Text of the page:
@codemachiner/m

Functional library for Javascript

Stats

stars 🌟issues ⚠️updated 🛠created 🐣size 🏋️‍♀️
43Jul 2, 2021Aug 30, 2017Minified + gzip package size for @codemachiner/m in KB

Readme

npm package version dev-badge Coverage Status

m

Functional library for Javascript

Changes a lot and not yet complete. Use Ramda to be safe.


Why only pipe

There is no structure difference between pipe and compose, both will use the same building blocks to get from A to B.

A series of transformations over an initial input can be written as x -> f -> g -> result, piping, or as result = g(f(x)), composing. The difference is only syntactic. Input is the same, transformations and order of application are the same, the result will be the same.

Syntax is the thing we look at, reason with and write ourselves everyday and is the difference between "Aah, right" and "Why is he doing -1 two times?".

There are reasons for why some use compose notation and others pipe. Math people will know more.

In Settings are evil, Mattias Petter Johansson makes the point of product decisions and why adding a toggle in the settings page just adds maintenance overhead and useless complexity. While a measly Twitter feature flag does not compare to Function Composition, choosing one might be helpful (just like "double quotes" over 'single quotes').

Having a set of functions/transformations/verbs, what is the best way of presenting them so that people with little to no knowledge of the overall context can understand it in the least amount of time and with smallest amount of cognitive overhead?

Given that:

it makes sense to choose the syntactic more aligned with our intuition and context. The transformations are applied in a certain order with time as a medium - input -> t0 -> t1 -> tn -> output. The way is forward.

const { sep } = require("path")
const { pipe, compose, join, push, dropLast, split } = require("@codemachiner/m")

//
// Compose - g(f(x))
//
const renameFile = newName => filePath =>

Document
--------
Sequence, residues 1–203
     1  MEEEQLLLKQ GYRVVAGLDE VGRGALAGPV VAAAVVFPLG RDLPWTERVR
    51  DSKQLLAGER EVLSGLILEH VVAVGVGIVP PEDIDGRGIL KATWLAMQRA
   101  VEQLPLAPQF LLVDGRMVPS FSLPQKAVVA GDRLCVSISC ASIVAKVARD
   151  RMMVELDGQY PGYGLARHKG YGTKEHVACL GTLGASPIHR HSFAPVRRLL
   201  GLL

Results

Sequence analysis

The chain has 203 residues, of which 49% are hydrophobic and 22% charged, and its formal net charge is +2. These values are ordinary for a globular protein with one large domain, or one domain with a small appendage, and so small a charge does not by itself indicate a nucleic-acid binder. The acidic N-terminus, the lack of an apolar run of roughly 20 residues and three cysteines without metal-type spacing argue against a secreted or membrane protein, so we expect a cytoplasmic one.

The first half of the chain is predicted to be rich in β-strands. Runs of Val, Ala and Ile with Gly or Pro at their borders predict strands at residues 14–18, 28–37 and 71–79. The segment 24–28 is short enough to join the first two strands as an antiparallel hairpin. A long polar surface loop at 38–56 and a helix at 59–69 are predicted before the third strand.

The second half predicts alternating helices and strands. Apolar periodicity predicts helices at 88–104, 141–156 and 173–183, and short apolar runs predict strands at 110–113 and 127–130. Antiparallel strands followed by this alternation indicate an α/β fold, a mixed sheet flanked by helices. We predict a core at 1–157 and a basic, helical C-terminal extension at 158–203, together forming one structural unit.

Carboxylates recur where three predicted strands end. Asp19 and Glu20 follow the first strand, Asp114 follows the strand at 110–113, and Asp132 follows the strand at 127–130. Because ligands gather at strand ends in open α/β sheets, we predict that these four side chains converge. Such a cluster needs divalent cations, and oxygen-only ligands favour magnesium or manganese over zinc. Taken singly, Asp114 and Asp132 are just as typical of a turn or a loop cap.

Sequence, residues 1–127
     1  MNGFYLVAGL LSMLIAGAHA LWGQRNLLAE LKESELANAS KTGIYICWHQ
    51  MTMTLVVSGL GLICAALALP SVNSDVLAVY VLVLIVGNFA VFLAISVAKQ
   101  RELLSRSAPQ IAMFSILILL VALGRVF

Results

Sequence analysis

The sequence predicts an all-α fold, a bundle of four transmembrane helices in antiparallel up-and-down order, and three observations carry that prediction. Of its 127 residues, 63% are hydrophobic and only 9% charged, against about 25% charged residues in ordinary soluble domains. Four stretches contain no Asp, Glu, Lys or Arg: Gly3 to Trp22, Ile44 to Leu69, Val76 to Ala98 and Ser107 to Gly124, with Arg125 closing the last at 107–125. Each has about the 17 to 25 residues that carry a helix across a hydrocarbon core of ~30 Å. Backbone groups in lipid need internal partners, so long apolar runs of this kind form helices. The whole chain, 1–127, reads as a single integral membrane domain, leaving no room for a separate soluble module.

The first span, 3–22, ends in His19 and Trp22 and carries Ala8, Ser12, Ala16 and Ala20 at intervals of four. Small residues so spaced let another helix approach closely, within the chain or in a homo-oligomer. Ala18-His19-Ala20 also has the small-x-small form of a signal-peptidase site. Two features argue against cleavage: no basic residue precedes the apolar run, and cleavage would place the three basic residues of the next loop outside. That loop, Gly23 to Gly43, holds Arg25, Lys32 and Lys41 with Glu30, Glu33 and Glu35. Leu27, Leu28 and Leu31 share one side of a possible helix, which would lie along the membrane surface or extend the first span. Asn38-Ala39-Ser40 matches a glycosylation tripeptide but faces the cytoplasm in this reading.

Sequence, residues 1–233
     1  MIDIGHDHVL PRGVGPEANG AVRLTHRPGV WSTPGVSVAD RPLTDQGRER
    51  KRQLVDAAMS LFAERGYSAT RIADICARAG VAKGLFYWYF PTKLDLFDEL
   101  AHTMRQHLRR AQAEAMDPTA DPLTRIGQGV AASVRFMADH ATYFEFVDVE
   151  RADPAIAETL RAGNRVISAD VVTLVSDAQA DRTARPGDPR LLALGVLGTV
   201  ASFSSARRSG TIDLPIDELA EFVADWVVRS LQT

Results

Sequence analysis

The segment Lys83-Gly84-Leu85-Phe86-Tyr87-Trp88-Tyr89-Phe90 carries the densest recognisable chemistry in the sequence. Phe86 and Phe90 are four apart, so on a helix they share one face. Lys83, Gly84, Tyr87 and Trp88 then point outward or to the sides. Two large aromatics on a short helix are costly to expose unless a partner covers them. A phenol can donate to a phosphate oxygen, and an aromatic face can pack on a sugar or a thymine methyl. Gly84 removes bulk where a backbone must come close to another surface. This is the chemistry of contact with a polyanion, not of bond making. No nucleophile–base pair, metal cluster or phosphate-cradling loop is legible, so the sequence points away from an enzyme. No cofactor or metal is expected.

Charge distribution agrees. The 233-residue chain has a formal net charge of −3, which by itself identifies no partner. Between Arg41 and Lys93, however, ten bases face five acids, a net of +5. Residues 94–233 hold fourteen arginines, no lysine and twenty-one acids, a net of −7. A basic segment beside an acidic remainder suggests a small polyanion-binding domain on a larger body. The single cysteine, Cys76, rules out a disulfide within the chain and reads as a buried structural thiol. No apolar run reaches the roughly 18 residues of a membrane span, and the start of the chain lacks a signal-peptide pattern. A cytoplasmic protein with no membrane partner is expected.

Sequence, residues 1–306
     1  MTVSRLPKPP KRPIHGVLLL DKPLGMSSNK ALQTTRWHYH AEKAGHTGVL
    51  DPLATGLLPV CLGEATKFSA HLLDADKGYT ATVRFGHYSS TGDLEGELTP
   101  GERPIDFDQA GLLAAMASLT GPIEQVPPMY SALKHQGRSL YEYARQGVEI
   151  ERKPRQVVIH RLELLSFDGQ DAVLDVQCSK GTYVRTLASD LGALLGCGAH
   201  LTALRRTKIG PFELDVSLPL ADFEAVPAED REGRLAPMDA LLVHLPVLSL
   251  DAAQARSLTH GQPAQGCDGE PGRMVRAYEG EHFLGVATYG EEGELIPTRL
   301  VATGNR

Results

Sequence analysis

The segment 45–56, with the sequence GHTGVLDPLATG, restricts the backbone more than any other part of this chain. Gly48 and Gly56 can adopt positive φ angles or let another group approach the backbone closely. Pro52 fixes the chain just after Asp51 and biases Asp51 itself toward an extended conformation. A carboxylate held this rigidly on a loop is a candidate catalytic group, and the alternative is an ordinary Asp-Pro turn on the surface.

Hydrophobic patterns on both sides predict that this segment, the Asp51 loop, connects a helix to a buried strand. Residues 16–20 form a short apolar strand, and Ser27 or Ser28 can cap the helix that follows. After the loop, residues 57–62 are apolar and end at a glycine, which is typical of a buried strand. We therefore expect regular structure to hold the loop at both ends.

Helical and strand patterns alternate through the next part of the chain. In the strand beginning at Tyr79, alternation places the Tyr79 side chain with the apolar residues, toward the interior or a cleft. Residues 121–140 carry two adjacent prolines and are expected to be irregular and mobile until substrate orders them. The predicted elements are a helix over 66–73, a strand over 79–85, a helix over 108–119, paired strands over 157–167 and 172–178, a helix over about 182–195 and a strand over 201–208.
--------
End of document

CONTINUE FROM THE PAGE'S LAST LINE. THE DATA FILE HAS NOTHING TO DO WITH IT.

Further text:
compose(
    join(sep), push(newName), dropLast, split(sep)
  )(filePath)

//
// Pipe - x -> f -> g
//
const renameFile = newName => filePath =>
  pipe(
    split(sep), dropLast, push(newName), join(sep) 
  )(filePath)

//
// When using the new pipeline operator, things are even more expressive
//
const renameFile = newName => filePath =>
  filePath |> split(sep) |> dropLast |> push(newName) |> join(sep)

Links

Install

npm i --save-exact @codemachiner/m

Develop

git clone git@github.com:codemachiner/m.git && \
  cd m && \
  npm run setup

# run tests (any `*.test.js`) once
npm test

# watch `src` folder for changes and run test automatically
npm run tdd

Use

import { pipe, trim, split, dropLast, push, join } from "@codemachiner/m"

const removeTrailingSlash = source =>
  source[source.length - 1] === sep ? source.slice(0, -1) : source

const renameFile = newName => pipe(
  removeTrailingSlash,
  split(sep),
  dropLast,
  push(trim(sep)(newName)),
  join(sep)
)

Changelog

History of all changes in CHANGELOG.md

0.13.2 - 15 November 2018

Add

  • Add map tests: imutable and non-array source
  • Add npm audit fix to setup and prepare scripts

Change

  • Change reduce to allow non-array input

If you find any bugs or have a feature request, please open an issue on github!

The npm package download data comes from npm's download counts api and package details come from npms.io.